September 9, 2010

Intel To Unveil New Chip For Smartphones

Intel is planning to unveil a new chip with built-in graphics aimed at the smartphone market.

The move would put the company into direct competition with ARM, who designs the majority of smartphone chips.

Intel will unveil this new chip at its Developer Forum conference in San Francisco next week.

ARM also has plans to launch a new chip that could potentially be five times faster than its current model.

Intel's new chip would result in smartphone visuals and remove the need for a separate graphics chip.

A spokesperson for the company told BBC that its new range of chips, including Sandy Bridge for PCs and Moorestown for phones, were important steps for the company.

"[It is important] in the context of the continuing move to mobility as it allows for tighter integration between the CPU and graphics components, delivering better performance and power management," they told BBC.

Although power usage is not a major issue for desktop PCs, the problem becomes more significant for laptops and smartphones when having more power might shorten the life of the battery.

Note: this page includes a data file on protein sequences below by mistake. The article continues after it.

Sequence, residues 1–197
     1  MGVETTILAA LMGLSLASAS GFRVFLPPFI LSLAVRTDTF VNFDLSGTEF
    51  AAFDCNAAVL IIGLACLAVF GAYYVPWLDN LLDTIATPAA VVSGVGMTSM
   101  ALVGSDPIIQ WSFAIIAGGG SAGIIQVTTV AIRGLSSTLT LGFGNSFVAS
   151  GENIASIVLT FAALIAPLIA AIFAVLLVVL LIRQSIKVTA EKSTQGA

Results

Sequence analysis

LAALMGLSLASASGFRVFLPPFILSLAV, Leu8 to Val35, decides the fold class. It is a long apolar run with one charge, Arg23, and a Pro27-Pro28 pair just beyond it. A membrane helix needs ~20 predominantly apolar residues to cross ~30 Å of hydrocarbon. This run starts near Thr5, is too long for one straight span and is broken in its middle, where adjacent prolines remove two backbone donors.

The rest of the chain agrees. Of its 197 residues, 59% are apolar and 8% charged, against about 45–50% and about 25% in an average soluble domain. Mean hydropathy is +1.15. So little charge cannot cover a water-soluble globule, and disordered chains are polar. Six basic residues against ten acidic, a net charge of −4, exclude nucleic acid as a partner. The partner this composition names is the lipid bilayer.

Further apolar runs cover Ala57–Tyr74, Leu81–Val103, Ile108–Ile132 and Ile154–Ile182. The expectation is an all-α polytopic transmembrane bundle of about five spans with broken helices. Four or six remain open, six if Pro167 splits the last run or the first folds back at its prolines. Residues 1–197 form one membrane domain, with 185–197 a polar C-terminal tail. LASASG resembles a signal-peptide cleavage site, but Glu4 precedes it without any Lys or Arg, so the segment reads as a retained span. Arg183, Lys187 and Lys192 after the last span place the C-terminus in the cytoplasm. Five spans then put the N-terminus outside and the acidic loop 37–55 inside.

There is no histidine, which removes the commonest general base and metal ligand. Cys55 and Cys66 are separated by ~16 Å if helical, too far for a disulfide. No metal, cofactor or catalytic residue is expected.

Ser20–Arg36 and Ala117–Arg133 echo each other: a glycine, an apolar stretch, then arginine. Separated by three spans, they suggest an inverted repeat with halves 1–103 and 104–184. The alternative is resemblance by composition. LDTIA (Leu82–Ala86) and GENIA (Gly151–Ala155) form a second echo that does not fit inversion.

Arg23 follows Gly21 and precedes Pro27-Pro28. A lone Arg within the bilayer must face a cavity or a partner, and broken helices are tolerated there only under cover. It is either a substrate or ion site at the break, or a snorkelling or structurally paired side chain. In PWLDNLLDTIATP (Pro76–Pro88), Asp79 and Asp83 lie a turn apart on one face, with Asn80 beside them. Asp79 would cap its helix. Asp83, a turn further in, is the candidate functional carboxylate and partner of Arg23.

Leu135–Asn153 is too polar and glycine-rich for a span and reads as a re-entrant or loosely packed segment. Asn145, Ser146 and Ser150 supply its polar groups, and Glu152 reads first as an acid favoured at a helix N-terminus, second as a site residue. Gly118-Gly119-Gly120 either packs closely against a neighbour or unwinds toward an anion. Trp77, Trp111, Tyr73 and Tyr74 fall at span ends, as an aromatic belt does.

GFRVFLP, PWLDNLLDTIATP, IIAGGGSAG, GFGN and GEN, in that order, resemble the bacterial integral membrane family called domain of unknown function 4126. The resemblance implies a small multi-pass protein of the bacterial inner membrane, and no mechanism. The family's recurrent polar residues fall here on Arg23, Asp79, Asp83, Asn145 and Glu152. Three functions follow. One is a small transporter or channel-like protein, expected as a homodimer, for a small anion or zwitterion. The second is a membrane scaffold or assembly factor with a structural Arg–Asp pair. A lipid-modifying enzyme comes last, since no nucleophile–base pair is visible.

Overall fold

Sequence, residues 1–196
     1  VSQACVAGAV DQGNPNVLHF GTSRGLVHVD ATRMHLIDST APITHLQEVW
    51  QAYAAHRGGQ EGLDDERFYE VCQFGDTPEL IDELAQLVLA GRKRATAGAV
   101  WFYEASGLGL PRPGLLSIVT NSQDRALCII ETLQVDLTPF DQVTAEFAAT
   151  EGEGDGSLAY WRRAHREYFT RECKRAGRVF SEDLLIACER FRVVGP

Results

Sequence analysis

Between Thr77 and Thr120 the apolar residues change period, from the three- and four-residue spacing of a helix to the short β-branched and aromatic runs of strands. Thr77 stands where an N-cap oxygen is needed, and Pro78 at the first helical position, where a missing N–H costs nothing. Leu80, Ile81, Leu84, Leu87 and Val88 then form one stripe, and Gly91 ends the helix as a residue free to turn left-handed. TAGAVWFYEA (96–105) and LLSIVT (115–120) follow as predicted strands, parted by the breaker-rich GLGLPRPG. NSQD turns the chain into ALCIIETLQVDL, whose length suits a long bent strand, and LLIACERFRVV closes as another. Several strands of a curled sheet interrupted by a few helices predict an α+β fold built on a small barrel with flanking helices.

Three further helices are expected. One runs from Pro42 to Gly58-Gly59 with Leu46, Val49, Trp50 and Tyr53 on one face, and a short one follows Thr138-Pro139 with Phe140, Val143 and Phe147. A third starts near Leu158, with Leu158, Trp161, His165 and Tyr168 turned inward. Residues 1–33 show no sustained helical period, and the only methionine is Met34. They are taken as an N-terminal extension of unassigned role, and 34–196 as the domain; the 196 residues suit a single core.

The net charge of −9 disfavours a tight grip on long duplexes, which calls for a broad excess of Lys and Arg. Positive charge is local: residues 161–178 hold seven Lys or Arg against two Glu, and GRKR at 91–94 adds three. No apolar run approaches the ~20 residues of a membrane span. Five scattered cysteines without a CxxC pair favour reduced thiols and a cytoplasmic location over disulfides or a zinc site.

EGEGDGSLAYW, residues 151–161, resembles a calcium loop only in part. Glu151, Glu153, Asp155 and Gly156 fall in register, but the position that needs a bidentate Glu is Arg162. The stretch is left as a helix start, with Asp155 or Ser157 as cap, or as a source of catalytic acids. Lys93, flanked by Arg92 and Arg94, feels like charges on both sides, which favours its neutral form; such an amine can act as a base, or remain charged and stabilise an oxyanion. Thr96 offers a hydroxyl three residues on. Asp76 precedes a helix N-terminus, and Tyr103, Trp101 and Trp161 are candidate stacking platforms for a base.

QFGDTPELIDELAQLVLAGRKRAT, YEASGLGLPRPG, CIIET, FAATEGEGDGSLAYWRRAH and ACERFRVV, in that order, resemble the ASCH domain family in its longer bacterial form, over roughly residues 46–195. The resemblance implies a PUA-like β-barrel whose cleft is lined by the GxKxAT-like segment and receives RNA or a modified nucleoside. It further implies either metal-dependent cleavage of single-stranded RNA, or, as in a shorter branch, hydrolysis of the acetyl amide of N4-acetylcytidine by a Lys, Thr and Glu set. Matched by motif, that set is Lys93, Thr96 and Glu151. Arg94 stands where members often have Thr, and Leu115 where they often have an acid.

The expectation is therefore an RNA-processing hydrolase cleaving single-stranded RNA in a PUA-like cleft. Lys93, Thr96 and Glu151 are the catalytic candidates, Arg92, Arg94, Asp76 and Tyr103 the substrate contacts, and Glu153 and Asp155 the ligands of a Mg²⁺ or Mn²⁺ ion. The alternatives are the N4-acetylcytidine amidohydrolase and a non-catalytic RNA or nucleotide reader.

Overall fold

In 2008, Intel attempted to expand its mobile computer market by launching its Atom chips.  These chips were still too large and power hungry to be acceptable for the smartphone market.

"This is part of Intel's desperate charge to get the size and power usage of their chips down," Alex Watson, editor of Custom PC magazine, told BBC News.

Within the next 12 months, analysts believe smartphones will outsell PCs because of the explosive growth in the popularity of the smartphone and a saturation of the PC market.

"The vast majority of smartphones use ARM chips, a UK-based company spun out of Acorn Computers: the people who used to make the BBC Micro," Watson told BBC.

"They only design, rather than make the chips and then license them out. For example, the Apple A4 chip used in its iPad and iPhone 4 is ARM's design."

"ARM are probably one of the least known and most profitable companies in the IT sector," he added.

ARM has just launched a new chip known as the Cortex-A15 MPCore.

This chip will run at 2.5 GHz with a minimal impact on power usage.

Analyst say that this could make iPads and iPhones run five times faster and is "as significant to the smartphone market as the Pentium was to the desktop market."

"The pressure is really on Intel, because they are wedded to the technology that made them rich for the past 30 years," Watson told BBC.

"They are determined to catch up using their existing technology, rather than starting again, but they are very short of time."

"There are almost a million smartphones being sold every day and Intel are not in a single one. If the firm is to remain viable, it needs a slice of that market."


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